‘Essential cookies’ is not a codified term at all — it’s simply about understanding, and therefore not misidentifying, what ‘essential’ means in this context. It’s fairly simple: anything that sits outside of what is needed to deliver your services to your users is not essential. Once you know what is not essential, it’s then really obvious what the essential stuff is.
Why is it important to know the difference between your essential and non-essential cookies? Because, GDPR. You need to ask for consent for any non-essential cookies that you set. We recently released another article explaining how to tackle cookie consent so give that a read if you are still (understandably) baffled by all that stuff.
Remember, cookies that you do not need in order to deliver your service are non-essential. Everything else is essential. Just look at these handy lists to get an idea of what I mean:
Essential cookies are things like:
Non-essential cookies are things like:
That’s a quick look at what kinds of things fall where, but below I go into a bit more detail on the how and why.
So imagine you’ve set up an online shop that sells customisable t-shirts. People who use this service need to be able to do the following things:
Cookies are exactly what makes those things possible. And those four things are essential to getting your customers their cool t-shirts — if any of those four things somehow didn’t work, you wouldn’t be delivering your service. And that is why we deem those things, and only those things, essential.
Now, a really important part of this is the ‘if it stops your site from breaking, it’s essential’ line. We very much need to put that line to rest. Because, everyone has a different idea of what a ‘broken’ site is, and a site is just a site. Your site is actually a shop.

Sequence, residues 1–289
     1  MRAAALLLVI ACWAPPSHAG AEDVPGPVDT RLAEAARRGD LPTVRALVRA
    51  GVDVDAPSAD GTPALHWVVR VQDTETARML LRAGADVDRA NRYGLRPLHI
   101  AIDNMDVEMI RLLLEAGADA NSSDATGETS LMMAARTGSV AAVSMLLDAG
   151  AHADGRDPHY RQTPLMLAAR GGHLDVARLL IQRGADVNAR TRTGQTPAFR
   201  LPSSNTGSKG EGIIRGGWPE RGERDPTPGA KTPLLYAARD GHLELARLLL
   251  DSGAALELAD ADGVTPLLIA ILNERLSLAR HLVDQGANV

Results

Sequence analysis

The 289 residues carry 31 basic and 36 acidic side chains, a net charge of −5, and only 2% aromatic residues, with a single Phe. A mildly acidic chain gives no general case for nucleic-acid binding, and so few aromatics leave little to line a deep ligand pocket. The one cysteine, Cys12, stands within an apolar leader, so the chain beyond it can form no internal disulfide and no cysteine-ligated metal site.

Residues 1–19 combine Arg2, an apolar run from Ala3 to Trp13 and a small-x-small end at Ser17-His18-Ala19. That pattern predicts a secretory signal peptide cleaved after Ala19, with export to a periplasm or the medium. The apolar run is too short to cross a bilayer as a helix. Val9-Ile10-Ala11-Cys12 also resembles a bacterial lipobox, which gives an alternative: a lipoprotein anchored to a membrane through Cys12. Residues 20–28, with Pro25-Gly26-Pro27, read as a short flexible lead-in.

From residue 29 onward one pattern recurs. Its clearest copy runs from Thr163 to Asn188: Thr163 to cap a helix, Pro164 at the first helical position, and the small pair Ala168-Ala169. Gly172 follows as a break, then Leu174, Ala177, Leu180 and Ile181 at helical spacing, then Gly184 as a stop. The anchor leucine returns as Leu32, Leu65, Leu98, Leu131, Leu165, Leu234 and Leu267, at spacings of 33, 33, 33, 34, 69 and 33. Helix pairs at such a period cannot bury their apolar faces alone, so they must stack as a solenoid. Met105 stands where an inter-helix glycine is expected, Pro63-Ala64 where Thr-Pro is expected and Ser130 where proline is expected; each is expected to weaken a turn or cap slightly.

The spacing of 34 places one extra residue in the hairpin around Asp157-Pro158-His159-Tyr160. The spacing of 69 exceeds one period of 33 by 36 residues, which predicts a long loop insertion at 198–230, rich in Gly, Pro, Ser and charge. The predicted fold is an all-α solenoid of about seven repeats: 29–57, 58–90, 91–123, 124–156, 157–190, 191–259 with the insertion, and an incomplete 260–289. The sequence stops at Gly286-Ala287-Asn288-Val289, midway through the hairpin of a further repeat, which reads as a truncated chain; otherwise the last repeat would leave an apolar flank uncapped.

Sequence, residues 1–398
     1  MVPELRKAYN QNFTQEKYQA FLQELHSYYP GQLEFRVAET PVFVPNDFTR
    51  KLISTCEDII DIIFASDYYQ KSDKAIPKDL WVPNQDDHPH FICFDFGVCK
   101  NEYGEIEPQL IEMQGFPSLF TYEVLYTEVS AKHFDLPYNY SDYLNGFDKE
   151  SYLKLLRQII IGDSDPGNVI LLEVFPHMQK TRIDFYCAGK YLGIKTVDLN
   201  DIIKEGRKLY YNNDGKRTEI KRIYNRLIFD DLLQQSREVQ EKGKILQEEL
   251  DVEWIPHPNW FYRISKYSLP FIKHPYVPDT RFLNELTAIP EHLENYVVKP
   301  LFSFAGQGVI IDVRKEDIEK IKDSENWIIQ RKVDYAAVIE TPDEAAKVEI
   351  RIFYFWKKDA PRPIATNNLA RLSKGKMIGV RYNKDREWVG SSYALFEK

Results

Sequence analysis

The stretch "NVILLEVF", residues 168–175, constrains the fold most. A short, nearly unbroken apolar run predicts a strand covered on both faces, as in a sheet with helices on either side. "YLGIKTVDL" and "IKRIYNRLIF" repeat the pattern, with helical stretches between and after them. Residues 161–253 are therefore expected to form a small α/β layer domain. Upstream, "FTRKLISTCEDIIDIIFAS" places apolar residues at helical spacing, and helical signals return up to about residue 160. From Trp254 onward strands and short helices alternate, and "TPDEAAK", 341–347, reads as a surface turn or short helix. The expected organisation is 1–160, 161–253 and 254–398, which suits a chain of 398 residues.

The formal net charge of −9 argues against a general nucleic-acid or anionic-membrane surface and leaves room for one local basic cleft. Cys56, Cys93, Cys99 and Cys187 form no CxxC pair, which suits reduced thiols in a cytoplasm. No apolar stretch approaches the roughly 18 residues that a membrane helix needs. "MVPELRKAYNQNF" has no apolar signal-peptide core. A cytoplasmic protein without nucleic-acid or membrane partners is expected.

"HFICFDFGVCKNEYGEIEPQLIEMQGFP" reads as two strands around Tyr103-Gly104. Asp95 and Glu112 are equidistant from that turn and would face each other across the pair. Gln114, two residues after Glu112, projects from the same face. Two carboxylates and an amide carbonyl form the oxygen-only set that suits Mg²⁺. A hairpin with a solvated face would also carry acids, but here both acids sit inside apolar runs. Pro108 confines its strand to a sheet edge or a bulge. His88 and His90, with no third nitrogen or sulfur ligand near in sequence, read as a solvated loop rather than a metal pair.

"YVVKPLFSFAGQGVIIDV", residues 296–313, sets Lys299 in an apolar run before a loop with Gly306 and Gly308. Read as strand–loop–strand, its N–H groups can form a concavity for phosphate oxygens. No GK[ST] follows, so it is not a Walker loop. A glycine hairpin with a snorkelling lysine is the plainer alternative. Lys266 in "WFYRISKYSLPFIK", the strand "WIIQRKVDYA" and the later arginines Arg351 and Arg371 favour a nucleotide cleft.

Anything that sits outside of what is needed to deliver your services to your users is not essential.
For example, your cool t-shirt shop has a Youtube video embedded from your Youtube channel showing some young hip individuals swanning around in your t-shirts. Youtube embeds will most certainly drop one or more third-party cookies from Youtube. Those are not essential. You do not need them for any of the above four steps.
That means, technically, you should block Youtube embeds from loading until the user has consented to the Youtube cookies. That will effectively make your site ‘look broken’. But it will not behave in a broken way — you can still create, buy, and save customised t-shirts.
A lawful online experience realised as a nice time on the beach
It’s time to stop this once and for all: passively collecting site stats and other analytics produced by your users is absolutely not essential to delivering your service. Unless your service is actually solely to gather analytics (but that isn’t a service, now is it?).
Marketers will argue long and hard about this, but if you gather absolutely no data on how your users interact with your site, you will still be able to sell your customisable t-shirts. Essential cookies are essential for the user — not for you. A lack of site statistics does not effect the user’s ability to get their t-shirt.
Imagine real life shops (hard to believe that physical shops still exist, but I guess they do): they have surveillance cameras set up so that they can see how people move around the shop and how they interact with the products. Taking the cameras away does not in any way impede on the customer’s ability to buy things (but it does make it easier to steal things — that’s another conversation).
Gathering analytics is indeed extremely useful to help you improve your service, so naturally you’ll want to do it at some point. All you have to do is ask — users usually don’t mind anyway, but the fair and lawful thing is to ask for consent first.